By Steve Levin, Pittsburgh Post-Gazette
An estimated quarter of a million people -- one of the largest crowds in Pittsburgh's history -- clogged Downtown arteries yesterday to honor the Steelers and their Super Bowl XL victory.
Clinging to lampposts, perched in trees, hanging out of office windows, crowded on parking decks and standing 15-deep in places along the 1.2-mile parade route from Mellon Arena to Gateway Center were people of every size, age and color, a true Steeler Nation that had endured 26 years of dashed dreams and unfulfilled prayers while waiting to celebrate the championship.
And celebrate they did.
Grandmothers unashamedly screamed out players' names as the 58-vehicle motorcade took two hours to navigate the route, led by the flag-bearing Pittsburgh Paramedic Honor Guard.
Grown men wearing the jerseys of their favorite players gaped and shouted as individual Steelers slowly moved past in the backs of chauffeured cars and vans.
Children who had played hooky from school and painted their faces stomped their feet and waved homemade posters. "Feb. 5, 2006, The Best Day of My Life," read one, giving the date of Pittsburgh's 21-10 win over the Seattle Seahawks.
"This is a rebirth," yelled Elaine Hatton, 59, of Center Township in Beaver County, who said she had attended all four previous Steelers Super Bowl parades. This one was different, though.
"We died and were resurrected," she said.
The parade featured a bit of everything, with crowds breaking into cheers and song all along the route.
There were seven high school marching bands, mounted Allegheny County sheriff's deputies on their skittish horses, Pittsburgh motorcycle police, city vehicles with horns blaring and lights flashing, and cars filled with Steelers players, the Rooney family, coaches, the team's broadcast trio of Tunch Ilkin, Craig Wolfley and Bill Hillgrove, and county Chief Executive Dan Onorato and Pittsburgh Mayor Bob O'Connor.
The Steelers players themselves seemed to enjoy the show, too, taking their own photos and videos of the changing scenes along Centre, Sixth, Fifth and Liberty avenues.
Antwaan Randle El flopped on his back on his car's trunk, reveling in the crowd's chant of "Sign Randle El! Sign Randle El!" referring to his pending free agency.
At the end of the parade route at Commonwealth Place, Troy Polamalu took backward leaps three times off a sport utility truck into the crowd, bodysurfing the sea of raised arms.
Also in the parade were Gladys and Johnnie Bettis, parents of just-retired Steelers running back Jerome Bettis.
"This is just the most incredible moment of my life," Mrs. Bettis said. "We knew winning the Super Bowl was big, but this is even bigger. I had no idea there were this many people in Pittsburgh."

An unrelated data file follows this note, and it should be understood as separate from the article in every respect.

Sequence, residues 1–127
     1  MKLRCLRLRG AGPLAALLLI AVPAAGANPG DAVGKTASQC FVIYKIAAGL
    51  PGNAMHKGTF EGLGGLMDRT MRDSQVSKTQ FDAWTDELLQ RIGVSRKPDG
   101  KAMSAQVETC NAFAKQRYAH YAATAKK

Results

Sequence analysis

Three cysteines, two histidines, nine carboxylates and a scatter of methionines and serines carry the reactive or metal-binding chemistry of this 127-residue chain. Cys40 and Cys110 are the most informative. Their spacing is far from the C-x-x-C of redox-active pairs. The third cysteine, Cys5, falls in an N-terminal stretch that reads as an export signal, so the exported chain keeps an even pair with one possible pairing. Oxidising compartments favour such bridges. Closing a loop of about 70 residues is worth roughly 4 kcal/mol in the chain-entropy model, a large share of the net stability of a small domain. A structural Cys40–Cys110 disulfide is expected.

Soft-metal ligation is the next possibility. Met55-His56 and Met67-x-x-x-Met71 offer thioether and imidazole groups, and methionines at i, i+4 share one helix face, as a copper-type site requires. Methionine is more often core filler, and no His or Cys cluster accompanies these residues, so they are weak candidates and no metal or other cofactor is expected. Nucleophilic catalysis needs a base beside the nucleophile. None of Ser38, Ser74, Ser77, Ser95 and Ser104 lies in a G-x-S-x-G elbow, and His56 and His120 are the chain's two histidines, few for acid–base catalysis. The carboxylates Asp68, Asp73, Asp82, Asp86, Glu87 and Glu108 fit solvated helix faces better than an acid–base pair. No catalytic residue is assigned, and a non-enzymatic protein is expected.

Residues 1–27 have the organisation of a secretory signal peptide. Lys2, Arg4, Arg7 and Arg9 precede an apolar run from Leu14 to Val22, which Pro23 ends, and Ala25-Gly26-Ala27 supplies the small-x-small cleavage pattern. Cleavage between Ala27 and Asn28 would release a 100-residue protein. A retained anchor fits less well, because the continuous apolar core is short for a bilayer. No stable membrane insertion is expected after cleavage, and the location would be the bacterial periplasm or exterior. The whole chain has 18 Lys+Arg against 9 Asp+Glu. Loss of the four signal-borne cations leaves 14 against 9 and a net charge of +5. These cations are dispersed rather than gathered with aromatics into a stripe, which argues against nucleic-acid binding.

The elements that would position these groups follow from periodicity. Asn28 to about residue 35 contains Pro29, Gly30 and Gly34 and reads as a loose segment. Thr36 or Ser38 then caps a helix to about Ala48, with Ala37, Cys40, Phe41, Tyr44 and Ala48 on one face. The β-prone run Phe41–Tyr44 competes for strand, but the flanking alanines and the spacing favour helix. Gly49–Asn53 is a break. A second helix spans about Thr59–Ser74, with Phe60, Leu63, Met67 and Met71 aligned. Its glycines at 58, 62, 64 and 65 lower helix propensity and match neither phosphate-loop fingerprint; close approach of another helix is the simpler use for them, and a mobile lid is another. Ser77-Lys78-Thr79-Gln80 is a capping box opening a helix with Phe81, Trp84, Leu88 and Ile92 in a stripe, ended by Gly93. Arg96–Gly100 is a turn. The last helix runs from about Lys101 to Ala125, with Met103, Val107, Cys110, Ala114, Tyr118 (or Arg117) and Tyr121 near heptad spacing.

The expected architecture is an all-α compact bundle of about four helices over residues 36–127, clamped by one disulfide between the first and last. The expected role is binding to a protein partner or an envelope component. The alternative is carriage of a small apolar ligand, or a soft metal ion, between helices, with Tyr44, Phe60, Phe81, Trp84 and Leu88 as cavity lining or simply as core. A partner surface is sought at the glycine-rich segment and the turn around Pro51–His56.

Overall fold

City Public Works Director Guy Costa estimated the crowd at 250,000, which would tie for the city's second-largest gathering. The biggest is believed to be the spontaneous outpouring of 300,000 people on Oct. 14, 1960, after Pirate Bill Mazeroski's ninth-inning home run won Game 7 of the World Series. About 250,000 people were estimated to have attended a Saturday, June 15, 1991, Downtown parade for units returning from Operation Desert Storm.
Although many school districts warned that they would not grant excused absences to students attending the parade, thousands of youngsters apparently came down with black-and-gold flu.
Absenteeism at many schools was much higher than usual and administrators believe it had a lot to do with the victory parade.
Debra Masley, a staff member at Clairton City School District, said 14 percent of the students and nine staff members didn't show up for school yesterday. But she added that the district has seen a flu outbreak.
Usually, about 5 percent of the students in Brentwood Borough School District won't show up on an average day. Yesterday, about 15 percent of them stayed away, said Ron Dufalla, the superintendent.
The absentee rate was double what it normally is in Baldwin-Whitehall School District and administrators said more than 200 additional students left school early to attend the parade.
Whitehall residents Kevin Walsh, his wife, Nancy, and three school-age children -- Shane, 16, Samantha, 14, and Cassidy, 9 -- waved from a sidewalk.
"I got my three kids out of school because I think this is an important family event," he said. "I don't think missing one day of school is going to matter that much when they're going to have memories of this for a lifetime."
I soooo wish I was there! I would have definitely skipped work/school for the parade. I guess a bunch of peoples' feet got run over from the parade cars because they were all in the street. Lucky! How many people can say "My foot got broken because Big Ben's car ran over it?"
Also, I think it's really mean of the school districts to not declare Parade Day a county-wide holiday. If only Parade Day was a national holiday because I totally would have gone.
p.s. Special thanks to Liza's intern for the marching band pic ;)